China’s new home sales slid on year during National Day holiday as housing market cools down further

China’s new home sales during the week-long National Day holiday declined significantly from a year earlier, led by sharp drops in lower-tier cities, as the housing market in the world’s second largest economy continues to cool down.

New home sales measured by floor space in 15 sample cities dropped by 33 per cent during the period of October 1 – 7 compared to a year earlier, as most potential home buyers are holding a wait-and-see attitude, according to the China Index Academy, one of the country’s largest independent real estate research firms.

The 15 cities include four tier-one cities, seven tier-two cities including Wuhan, Fuzhou and Jinan as well as four tier-three/four cities including Dongguan, Taian, Putian and Wenzhou.

In the four tier-one cities including Beijing, Shanghai, Guangzhou and Shenzhen, new home sales reached about 421,900 square meters during the seven-day period, largely in with with the level seen in the same period last year, showed the data.

Notably, in Shenzhen, new home sales jumped by 175 per cent year over year to about 109,900 square meters, mainly due to a surge in new home supply, said the academy.

“The data in Shenzhen included many home purchases already signed before the holiday, so it should only be taken as a reference and not an accurate reflection of real transaction situation,” said Li Maozhe, head of the Beike Research Institute’s Guangzhou Centre.

In contrast, new home sales in Shanghai and Guangzhou fell by 42 per cent and 8 per cent year over year, respectively, while new home sales in Beijing were about 157,400 square meters, largely in line with a year ago, according to the China Index Academy.

In the seven tier-two cities, new home sales totaled 353,200 square meters in the period, slumping by 43 per cent from a year ago, while new home sales in the four tier-three/four cities reached 136,800 square meters, plunging 44 per cent from the year-ago period.

Separate data from Zhuge Zhaofang Data Research Centre showed that, among the 15 cities it tracked, 11 cities saw new home sales decline year on year during the holiday.

The weak performance followed sluggish figures in September. Data from the China Index Academy showed that new home sales in major cities fell by 6.9 per cent in September from the prior month, slumping 35.6 per cent from a year earlier.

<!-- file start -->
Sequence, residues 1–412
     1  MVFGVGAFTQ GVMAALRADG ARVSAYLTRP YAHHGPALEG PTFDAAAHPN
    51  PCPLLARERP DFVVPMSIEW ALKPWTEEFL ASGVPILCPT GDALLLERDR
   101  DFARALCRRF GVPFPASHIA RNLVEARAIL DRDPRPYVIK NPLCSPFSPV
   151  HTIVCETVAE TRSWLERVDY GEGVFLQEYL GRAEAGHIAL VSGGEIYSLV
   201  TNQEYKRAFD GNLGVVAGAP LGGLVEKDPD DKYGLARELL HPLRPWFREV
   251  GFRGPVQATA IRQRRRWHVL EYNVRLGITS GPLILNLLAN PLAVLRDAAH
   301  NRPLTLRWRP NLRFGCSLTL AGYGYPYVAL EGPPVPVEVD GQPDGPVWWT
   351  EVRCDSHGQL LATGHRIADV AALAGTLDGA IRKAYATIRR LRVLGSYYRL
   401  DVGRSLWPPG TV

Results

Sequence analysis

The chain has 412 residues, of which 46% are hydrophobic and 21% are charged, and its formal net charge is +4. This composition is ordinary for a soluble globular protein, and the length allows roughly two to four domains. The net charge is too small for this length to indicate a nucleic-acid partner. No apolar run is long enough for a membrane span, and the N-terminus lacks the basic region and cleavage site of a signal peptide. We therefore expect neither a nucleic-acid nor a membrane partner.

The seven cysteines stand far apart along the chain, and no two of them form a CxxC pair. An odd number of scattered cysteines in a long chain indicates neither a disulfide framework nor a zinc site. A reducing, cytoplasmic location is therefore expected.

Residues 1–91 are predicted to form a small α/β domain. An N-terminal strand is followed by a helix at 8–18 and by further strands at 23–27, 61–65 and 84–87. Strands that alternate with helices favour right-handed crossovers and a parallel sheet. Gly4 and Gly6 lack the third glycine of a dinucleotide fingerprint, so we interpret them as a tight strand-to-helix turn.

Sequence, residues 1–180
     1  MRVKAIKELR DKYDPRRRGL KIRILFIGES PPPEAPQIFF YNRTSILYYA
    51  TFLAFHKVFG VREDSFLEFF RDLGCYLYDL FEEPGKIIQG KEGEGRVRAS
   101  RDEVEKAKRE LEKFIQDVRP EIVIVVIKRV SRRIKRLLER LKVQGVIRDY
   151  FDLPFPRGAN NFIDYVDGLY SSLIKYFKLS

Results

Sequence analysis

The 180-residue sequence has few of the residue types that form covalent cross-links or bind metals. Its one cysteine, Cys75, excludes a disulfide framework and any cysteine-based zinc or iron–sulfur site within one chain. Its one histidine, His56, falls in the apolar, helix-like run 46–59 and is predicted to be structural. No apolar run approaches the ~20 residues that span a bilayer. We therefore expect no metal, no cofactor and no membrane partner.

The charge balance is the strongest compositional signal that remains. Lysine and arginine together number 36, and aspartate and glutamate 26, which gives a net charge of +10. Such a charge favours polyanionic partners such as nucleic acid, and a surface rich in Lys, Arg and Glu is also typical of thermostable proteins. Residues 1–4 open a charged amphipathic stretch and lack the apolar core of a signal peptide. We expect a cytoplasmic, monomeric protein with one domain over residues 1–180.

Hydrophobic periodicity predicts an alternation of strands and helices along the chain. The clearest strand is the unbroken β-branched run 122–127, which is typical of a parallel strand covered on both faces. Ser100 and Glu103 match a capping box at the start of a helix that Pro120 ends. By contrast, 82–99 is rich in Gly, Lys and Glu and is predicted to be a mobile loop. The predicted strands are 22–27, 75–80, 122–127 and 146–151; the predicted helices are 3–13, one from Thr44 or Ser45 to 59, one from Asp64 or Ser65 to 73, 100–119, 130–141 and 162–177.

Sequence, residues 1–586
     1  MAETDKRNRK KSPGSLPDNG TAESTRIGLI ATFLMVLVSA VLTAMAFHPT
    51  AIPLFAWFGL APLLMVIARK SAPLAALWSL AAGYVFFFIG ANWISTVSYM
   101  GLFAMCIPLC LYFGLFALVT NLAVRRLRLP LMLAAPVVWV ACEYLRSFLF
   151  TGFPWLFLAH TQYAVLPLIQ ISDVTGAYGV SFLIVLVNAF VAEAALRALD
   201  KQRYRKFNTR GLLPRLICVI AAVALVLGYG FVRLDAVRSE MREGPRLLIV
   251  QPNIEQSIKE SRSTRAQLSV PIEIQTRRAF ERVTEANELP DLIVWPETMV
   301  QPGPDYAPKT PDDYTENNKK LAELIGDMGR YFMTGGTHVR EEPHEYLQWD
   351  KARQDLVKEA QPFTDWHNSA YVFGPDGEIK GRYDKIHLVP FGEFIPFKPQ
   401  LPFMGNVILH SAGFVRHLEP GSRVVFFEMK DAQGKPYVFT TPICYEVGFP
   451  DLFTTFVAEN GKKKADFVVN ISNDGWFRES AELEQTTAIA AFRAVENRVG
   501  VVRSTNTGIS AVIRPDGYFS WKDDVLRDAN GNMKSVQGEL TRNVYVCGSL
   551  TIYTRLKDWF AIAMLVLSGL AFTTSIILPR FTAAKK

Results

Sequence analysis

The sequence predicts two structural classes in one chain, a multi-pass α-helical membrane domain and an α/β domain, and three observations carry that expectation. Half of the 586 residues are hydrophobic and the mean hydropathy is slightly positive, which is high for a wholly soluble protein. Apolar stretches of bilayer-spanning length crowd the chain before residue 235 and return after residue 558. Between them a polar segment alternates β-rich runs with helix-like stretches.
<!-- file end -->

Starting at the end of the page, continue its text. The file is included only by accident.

Some say the slide in the holiday was partly attributable to the high base in the same period in 2020 when pent-up demand was released as Covid-19 pandemic receded. Data from Zhuge Zhaofang Data Research Centre, home sales during the holiday exceeded 2019-level.

China’s new home market saw a sharp cooling down since the start of the third quarter, with prices and transaction volumes both sliding. According to official data, average monthly new home sales in the first half of the year stood at 147.7 million square meters. In particular, sales in July and August fell to 130.13 million square meters and 125.45 square meters, respectively, falling by 12 per cent and 15 per cent from the monthly average in the first half.

The number of cities that saw monthly rise in new home prices decreased to from 51 in July to 46 in August, the lowest so far this year, while the number of cities that logged new home price drops increased to 20 from 16, according to official data. The National Bureau of Statistics will release September figure later this month.

The cooling housing market came after authorities continue to tighten real estate regulations. According to statistics by Centaline Property, Chinese local governments had introduced 420 property policy adjustments this year as of September 15, a new record high for the same period.

In the fourth quarter of the year, some regions may slightly relax housing market regulations, which will likely lead to some improvement, but the overall policy environment will remain tough and more short-term correction are expected, said Chen Wenjing, deputy research director at the China Index Academy.